Machguth, H.; Huss, M.

2014-09-01

424

Code of Federal Regulations, 2010 CFR

...AGRICULTURE COMMODITY STANDARDS AND STANDARD CONTAINER REGULATIONS TOBACCO INSPECTION Standards Official Standard Grades for Flue-Cured Tobacco (u.s. Types 11, 12, 13, 14 and Foreign Type 92) § 29.1032 Length. The linear...

2010-01-01

425

A length operator for canonical quantum gravity

We construct an operator that measures the length of a curve in four-dimensional Lorentzian vacuum quantum gravity. We work in a representation in which a $SU(2)$ connection is diagonal and it is therefore surprising that the operator obtained after regularization is densely defined, does not suffer from factor ordering singularities and does not require any renormalization. We show that the length operator admits self-adjoint extensions and compute part of its spectrum which like its companions, the volume and area operators already constructed in the literature, is purely discrete and roughly is quantized in units of the Planck length. The length operator contains full and direct information about all the components of the metric tensor which faciliates the construction of a new type of weave states which approximate a given classical 3-geometry.

T. Thiemann

1996-06-29

426

Method of continuously determining crack length

NASA Technical Reports Server (NTRS)

The determination of crack lengths in an accurate and straight forward manner is very useful in studying and preventing load created flaws and cracks. A crack length sensor according to the present invention is fabricated in a rectangular or other geometrical form from a conductive powder impregnated polymer material. The long edges of the sensor are silver painted on both sides and the sensor is then bonded to a test specimen via an adhesive having sufficient thickness to also serve as an insulator. A lead wire is connected to each of the two outwardly facing silver painted edges. The resistance across the sensor changes as a function of the crack length in the specimen and sensor. The novel aspect of the present invention includes the use of relatively uncomplicated sensors and instrumentation to effectively measure the length of generated cracks.

Prabhakaran, Ramamurthy (inventor); Lopez, Osvaldo F. (inventor)

1993-01-01

427

A computational kinetic model of diffusion for molecular systems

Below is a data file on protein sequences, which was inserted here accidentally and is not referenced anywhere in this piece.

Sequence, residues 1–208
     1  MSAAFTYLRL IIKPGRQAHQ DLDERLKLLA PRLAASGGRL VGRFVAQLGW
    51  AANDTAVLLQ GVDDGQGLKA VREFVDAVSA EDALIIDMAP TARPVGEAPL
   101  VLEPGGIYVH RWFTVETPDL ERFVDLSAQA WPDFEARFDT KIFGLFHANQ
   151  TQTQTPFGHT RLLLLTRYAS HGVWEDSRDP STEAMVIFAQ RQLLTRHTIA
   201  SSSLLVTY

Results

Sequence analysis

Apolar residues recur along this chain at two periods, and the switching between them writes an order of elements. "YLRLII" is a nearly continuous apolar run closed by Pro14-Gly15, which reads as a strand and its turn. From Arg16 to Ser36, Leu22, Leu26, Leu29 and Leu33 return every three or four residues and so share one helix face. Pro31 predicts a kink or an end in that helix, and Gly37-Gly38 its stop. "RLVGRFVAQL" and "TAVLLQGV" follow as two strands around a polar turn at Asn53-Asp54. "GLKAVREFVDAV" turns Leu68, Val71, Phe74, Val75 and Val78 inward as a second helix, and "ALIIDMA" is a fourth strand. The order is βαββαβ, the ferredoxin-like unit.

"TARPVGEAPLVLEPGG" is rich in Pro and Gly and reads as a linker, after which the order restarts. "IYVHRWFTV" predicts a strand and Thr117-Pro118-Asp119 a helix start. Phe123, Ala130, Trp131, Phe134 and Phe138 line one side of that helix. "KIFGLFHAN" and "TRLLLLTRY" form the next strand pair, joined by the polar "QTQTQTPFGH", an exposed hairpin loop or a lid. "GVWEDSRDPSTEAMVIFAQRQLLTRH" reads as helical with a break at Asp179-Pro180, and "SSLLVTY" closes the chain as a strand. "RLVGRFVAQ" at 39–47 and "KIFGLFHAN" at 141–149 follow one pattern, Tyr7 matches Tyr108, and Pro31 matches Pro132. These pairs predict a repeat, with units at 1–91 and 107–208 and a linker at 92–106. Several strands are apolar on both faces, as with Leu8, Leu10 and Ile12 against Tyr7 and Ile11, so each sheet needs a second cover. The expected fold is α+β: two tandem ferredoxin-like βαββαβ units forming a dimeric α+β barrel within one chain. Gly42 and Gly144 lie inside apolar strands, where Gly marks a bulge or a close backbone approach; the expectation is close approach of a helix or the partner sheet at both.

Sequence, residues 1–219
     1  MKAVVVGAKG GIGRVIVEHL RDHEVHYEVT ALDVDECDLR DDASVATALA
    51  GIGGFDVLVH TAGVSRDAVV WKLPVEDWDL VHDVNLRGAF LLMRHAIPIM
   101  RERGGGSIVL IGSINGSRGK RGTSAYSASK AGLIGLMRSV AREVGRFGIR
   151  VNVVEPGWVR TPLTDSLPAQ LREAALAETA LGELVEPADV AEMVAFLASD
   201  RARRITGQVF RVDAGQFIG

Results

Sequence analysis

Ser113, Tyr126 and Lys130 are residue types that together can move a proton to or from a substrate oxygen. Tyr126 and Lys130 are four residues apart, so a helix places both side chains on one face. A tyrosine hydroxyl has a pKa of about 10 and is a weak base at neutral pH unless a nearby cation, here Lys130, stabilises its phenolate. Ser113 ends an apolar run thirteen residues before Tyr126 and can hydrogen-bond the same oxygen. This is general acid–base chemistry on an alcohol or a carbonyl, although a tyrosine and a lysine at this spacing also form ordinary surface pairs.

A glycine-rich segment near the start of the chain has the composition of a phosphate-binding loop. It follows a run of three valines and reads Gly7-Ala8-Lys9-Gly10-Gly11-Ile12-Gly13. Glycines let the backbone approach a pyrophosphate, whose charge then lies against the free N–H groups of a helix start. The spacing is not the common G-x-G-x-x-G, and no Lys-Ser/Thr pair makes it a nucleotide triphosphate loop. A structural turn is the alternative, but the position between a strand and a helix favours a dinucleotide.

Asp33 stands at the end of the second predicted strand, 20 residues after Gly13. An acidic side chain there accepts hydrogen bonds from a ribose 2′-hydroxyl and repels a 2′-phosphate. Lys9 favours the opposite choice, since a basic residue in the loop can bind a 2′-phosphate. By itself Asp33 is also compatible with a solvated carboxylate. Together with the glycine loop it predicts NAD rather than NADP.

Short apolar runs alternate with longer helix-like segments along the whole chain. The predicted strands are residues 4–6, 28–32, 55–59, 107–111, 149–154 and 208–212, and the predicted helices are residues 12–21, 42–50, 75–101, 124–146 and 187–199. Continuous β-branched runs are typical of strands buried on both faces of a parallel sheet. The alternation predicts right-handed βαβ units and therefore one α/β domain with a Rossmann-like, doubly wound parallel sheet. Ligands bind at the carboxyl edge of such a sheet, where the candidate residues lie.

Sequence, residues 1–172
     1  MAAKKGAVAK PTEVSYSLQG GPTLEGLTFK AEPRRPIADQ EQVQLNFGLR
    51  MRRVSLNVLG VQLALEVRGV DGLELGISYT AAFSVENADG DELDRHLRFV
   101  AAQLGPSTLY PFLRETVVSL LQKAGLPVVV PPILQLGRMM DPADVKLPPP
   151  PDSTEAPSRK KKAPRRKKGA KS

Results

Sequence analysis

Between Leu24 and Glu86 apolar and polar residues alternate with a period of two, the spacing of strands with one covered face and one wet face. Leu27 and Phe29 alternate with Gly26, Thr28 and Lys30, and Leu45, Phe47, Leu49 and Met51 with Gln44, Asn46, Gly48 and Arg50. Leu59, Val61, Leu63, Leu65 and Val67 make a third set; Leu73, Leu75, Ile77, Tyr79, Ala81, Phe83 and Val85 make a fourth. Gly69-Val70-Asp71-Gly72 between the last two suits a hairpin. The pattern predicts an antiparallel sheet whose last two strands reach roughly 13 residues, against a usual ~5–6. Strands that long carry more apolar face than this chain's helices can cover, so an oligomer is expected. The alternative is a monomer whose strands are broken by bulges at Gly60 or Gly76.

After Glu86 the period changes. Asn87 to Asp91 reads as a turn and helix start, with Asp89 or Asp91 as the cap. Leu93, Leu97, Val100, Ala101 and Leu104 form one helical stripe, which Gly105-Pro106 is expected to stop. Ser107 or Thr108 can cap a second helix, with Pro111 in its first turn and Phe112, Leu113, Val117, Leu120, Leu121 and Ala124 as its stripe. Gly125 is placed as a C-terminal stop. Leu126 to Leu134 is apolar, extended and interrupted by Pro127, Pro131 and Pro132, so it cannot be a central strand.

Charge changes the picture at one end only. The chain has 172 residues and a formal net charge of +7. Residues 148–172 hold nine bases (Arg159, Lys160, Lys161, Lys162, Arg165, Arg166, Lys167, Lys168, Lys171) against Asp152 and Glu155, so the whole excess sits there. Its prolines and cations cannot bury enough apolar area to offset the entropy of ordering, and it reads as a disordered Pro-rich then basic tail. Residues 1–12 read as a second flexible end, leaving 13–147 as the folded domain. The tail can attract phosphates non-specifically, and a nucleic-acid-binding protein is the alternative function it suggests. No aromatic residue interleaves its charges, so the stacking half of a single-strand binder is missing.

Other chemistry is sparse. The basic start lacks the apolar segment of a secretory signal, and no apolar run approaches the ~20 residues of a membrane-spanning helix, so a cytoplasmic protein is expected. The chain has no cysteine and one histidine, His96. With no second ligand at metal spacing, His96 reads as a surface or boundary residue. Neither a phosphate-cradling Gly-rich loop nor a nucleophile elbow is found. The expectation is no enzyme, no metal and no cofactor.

Regulation of biomolecular transport in cells involves intra-protein steps like gating and passage through channels, but these steps are preceded by extra-protein steps, namely, diffusive approach and admittance of solutes. The extra-protein steps develop over a 10–100 nm length scale typically in a highly particular environment, characterized through the protein's geometry, surrounding electrostatic field, and location. In order to account for solute energetics and mobility of solutes in this environment at a relevant resolution, we propose a particle-based kinetic model of diffusion based on a Markov State Model framework. Prerequisite input data consist of diffusion coefficient and potential of mean force maps generated from extensive molecular dynamics simulations of proteins and their environment that sample multi-nanosecond durations. The suggested diffusion model can describe transport processes beyond microsecond duration, relevant for biological function and beyond the realm of molecular dynamics simulation. For this purpose the systems are represented by a discrete set of states specified by the positions, volumes, and surface elements of Voronoi grid cells distributed according to a density function resolving the often intricate relevant diffusion space. Validation tests carried out for generic diffusion spaces show that the model and the associated Brownian motion algorithm are viable over a large range of parameter values such as time step, diffusion coefficient, and grid density. A concrete application of the method is demonstrated for ion diffusion around and through the Eschericia coli mechanosensitive channel of small conductance ecMscS. PMID:24089741